About a year ago, I wrote about going up to Chicago for a Debbie Gibson concert and all of the social anxiety that surrounded me due to my hearing loss, how I almost didn’t get in the car because of it. Today I have a new story so far removed from that I find myself wondering if I’m even the same person I was even just a year ago. Since this is actually a blog about my hearing and not my rock star life, I’ll really try to keep it related to that… maybe.
The isolation one experiences with hearing loss can be absolutely devastating. You can be sitting in a room feel of people you love, and who love you, and still feel lonely and completely out of touch. You can start to live inside your head. Or if you’re like me, online. I’ve always had communities of online friends, it’s something I’ve gravitated towards since the days of text-based bbses and usenet groups. So when I lost my hearing, it was a natural thing to make friends online, sometimes over doing so in person. It was easy for me to communicate – the “deaf” barrier wasn’t there anymore. But neither were any of the other senses and things that can only be done in person – seeing, touching, laughing, crying. It was still isolating and lonely, no matter how many close friends I had.
Back in May, I spontaneously decided to buy a single VIP ticket to the “Ladies of the 80s” show in Allen, Texas, for October. There was something that just said to me “do it”. Lisa Lisa/Tiffany/Debbie Gibson – perfect for me. Tiffany was my last show before my cochlear implant was activated, and I’ve really wanted to hear her again since. I saw both Deb & Lisa Lisa last year, but felt that even a year after my activation music was still “new”. I wanted to hear them again. Turns out, these three crazy guys from the UK were coming over as well – and we started chatting on Facebook everyday, and even had some calls (which I wrote about last month). I threw myself into it and planned a gathering – this time not so spontaneous as the dinner last year that caused me so much social anxiety. What a difference this trip was! The whole thing was a whirlwind escape from reality, full of surprises, fun, and friendship.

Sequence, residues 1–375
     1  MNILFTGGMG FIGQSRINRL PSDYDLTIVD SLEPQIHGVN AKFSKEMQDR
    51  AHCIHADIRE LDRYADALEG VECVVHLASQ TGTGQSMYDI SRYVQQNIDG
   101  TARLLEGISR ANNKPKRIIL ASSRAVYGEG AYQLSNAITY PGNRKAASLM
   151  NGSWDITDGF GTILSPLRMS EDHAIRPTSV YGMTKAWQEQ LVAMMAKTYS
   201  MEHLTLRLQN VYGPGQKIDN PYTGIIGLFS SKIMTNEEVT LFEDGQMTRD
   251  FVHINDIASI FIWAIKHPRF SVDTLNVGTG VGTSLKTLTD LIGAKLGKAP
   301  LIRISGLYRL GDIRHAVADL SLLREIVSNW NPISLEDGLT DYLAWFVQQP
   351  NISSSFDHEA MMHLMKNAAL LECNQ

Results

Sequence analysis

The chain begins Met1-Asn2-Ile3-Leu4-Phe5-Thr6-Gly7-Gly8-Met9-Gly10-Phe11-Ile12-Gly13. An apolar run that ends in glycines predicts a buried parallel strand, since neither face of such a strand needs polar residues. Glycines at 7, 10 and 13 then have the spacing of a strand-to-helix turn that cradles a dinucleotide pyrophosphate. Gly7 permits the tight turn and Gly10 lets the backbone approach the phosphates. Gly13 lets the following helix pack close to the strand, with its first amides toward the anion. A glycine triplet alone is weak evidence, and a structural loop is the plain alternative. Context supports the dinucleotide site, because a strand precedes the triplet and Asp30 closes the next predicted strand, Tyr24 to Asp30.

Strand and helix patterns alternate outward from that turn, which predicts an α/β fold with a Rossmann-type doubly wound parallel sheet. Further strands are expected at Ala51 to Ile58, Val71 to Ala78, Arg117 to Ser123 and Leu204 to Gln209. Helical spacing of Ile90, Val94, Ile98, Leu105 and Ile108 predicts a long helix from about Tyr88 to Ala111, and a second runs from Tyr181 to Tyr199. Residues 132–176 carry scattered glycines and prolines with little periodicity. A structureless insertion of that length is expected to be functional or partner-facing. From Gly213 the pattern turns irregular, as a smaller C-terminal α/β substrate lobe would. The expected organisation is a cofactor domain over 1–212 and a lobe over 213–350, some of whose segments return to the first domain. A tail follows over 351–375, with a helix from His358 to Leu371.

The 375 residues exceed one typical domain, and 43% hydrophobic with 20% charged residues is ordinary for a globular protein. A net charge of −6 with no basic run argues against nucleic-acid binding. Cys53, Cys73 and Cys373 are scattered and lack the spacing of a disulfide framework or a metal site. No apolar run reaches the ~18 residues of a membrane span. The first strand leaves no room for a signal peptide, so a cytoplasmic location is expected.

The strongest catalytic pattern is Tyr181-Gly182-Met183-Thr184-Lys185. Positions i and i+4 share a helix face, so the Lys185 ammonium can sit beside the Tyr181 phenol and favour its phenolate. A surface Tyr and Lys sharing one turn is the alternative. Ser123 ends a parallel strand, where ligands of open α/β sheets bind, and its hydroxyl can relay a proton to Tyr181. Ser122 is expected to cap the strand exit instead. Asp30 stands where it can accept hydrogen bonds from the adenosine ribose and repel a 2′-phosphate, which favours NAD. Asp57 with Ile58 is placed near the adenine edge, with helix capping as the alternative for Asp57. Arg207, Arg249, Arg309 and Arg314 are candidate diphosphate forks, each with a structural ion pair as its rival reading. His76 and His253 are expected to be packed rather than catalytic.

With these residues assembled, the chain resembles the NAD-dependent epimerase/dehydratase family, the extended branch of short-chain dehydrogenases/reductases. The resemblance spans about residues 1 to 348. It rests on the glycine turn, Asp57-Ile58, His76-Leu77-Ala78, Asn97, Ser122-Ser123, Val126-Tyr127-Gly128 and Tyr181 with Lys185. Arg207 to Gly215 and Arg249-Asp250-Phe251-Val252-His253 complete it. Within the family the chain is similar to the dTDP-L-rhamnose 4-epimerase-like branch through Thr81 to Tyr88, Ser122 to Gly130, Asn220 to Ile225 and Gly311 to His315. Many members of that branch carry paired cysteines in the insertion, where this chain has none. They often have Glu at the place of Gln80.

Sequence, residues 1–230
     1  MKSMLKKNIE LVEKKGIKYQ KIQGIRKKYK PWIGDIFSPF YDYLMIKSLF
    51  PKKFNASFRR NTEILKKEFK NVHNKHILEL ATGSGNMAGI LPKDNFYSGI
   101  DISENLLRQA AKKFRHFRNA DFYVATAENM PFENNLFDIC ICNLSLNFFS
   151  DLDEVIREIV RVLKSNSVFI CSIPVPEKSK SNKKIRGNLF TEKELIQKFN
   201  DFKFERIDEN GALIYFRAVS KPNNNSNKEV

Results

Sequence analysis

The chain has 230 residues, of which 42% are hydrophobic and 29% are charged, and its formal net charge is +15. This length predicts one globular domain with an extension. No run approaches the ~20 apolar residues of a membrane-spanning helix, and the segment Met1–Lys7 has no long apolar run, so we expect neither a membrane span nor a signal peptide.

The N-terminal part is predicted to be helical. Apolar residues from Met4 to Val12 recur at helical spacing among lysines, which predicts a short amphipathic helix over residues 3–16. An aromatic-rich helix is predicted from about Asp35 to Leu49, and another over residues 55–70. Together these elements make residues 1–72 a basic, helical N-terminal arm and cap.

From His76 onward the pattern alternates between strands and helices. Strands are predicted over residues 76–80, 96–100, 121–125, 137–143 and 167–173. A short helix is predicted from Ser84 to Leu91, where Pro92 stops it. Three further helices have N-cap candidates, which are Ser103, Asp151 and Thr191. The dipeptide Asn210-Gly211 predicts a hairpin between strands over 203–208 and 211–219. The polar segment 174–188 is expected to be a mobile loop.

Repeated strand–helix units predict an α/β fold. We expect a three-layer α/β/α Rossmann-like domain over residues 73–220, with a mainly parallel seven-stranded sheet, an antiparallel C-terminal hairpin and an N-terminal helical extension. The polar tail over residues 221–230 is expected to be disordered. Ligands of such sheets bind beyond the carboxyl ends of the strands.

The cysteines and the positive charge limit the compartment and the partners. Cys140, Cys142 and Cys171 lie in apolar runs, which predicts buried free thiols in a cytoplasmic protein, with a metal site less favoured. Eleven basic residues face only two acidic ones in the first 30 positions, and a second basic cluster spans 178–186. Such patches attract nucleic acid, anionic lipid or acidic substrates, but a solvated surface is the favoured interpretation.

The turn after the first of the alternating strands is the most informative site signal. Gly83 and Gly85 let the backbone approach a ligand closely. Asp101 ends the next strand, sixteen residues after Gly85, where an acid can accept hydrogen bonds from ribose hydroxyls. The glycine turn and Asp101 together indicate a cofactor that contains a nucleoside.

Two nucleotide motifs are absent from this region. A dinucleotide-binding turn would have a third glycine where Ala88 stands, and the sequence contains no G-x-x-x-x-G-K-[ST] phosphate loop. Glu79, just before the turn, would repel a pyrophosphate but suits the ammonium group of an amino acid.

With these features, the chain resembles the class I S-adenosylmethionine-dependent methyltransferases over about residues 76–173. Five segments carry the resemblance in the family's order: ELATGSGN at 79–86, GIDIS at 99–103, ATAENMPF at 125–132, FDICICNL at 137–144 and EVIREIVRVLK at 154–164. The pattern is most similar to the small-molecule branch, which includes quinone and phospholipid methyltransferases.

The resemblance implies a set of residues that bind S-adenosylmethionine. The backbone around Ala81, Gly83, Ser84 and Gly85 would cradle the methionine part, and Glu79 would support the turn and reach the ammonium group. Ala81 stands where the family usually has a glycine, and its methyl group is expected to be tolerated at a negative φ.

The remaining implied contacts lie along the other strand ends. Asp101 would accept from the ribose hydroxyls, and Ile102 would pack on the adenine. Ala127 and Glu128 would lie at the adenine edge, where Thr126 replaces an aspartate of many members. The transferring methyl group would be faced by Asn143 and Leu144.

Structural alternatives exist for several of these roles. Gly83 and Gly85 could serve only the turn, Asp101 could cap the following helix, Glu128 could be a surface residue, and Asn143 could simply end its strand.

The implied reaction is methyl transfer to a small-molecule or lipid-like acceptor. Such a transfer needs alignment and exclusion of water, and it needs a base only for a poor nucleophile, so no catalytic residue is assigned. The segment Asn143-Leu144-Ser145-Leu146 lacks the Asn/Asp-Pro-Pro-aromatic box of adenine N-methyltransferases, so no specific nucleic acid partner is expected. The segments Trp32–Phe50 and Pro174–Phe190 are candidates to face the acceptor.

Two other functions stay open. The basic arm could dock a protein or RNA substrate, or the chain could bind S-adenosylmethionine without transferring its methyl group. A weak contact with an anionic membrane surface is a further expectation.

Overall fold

I was coming right off of a trip to Orlando for my work’s annual conference, where I was immersed in sound basically 12-hours a day, having conversations with customers in crowded expo halls, presenting as an expert on online fundraising for small nonprofits, and even singing karaoke with a live band. I was exhausted, and exhilarated, and turned around to face a completely different symphony of sounds in Texas. I say it again – auditory fatigue is a very real thing. Even for normal hearing people, if you are surrounded by constant sound, it’s tiring.
When I got to Texas on Wednesday, I’m not sure what I was expecting. The whole vibe was different. Instead of the anxiety I felt last year, this group had a weird combination of excitement and relaxation going on. Which was perfect for what was about to happen – we were invited to be on a podcast, by the wonderful Buddy and Eddie, who were so sweet to me last year in Chicago.